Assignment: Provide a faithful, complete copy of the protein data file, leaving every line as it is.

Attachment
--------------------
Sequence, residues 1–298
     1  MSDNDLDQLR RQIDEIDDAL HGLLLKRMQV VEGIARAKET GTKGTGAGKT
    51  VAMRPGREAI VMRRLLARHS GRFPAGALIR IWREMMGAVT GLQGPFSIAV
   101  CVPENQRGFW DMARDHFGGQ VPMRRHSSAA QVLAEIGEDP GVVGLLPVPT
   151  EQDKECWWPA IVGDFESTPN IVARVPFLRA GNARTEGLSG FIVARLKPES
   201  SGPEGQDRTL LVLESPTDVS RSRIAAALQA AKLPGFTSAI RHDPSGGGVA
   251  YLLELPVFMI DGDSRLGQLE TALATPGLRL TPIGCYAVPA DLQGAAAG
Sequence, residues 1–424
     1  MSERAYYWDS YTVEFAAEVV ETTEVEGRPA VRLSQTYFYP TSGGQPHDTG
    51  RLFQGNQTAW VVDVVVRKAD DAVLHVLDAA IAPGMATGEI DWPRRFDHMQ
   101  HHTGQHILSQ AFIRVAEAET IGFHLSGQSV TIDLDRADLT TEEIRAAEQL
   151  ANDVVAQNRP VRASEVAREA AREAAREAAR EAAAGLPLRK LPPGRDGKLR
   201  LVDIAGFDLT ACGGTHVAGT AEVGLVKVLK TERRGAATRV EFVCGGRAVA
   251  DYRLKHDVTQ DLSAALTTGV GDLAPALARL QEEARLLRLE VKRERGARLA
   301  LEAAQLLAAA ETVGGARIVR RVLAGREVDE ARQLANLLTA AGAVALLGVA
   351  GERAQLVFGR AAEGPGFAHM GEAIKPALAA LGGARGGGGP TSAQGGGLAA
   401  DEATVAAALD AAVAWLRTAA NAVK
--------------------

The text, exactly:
Sequence, residues 1–298
     1  MSDNDLDQLR RQIDEIDDAL HGLLLKRMQV VEGIARAKET GTKGTGAGKT
    51  VAMRPGREAI VMRRLLARHS GRFPAGALIR IWREMMGAVT GLQGPFSIAV
   101  CVPENQRGFW DMARDHFGGQ VPMRRHSSAA QVLAEIGEDP GVVGLLPVPT
   151  EQDKECWWPA IVGDFESTPN IVARVPFLRA GNARTEGLSG FIVARLKPES
   201  SGPEGQDRTL LVLESPTDVS RSRIAAALQA AKLPGFTSAI RHDPSGGGVA
   251  YLLELPVFMI DGDSRLGQLE TALATPGLRL TPIGCYAVPA DLQGAAAG
Sequence, residues 1–424
     1  MSERAYYWDS YTVEFAAEVV ETTEVEGRPA VRLSQTYFYP TSGGQPHDTG
    51  RLFQGNQTAW VVDVVVRKAD DAVLHVLDAA IAPGMATGEI DWPRRFDHMQ
   101  HHTGQHILSQ AFIRVAEAET IGFHLSGQSV TIDLDRADLT TEEIRAAEQL
   151  ANDVVAQNRP VRASEVAREA AREAAREAAR EAAAGLPLRK LPPGRDGKLR
   201  LVDIAGFDLT ACGGTHVAGT AEVGLVKVLK TERRGAATRV EFVCGGRAVA
   251  DYRLKHDVTQ DLSAALTTGV GDLAPALARL QEEARLLRLE VKRERGARLA
   301  LEAAQLLAAA ETVGGARIVR RVLAGREVDE ARQLANLLTA AGAVALLGVA
   351  GERAQLVFGR AAEGPGFAHM GEAIKPALAA LGGARGGGGP TSAQGGGLAA
   401  DEATVAAALD AAVAWLRTAA NAVK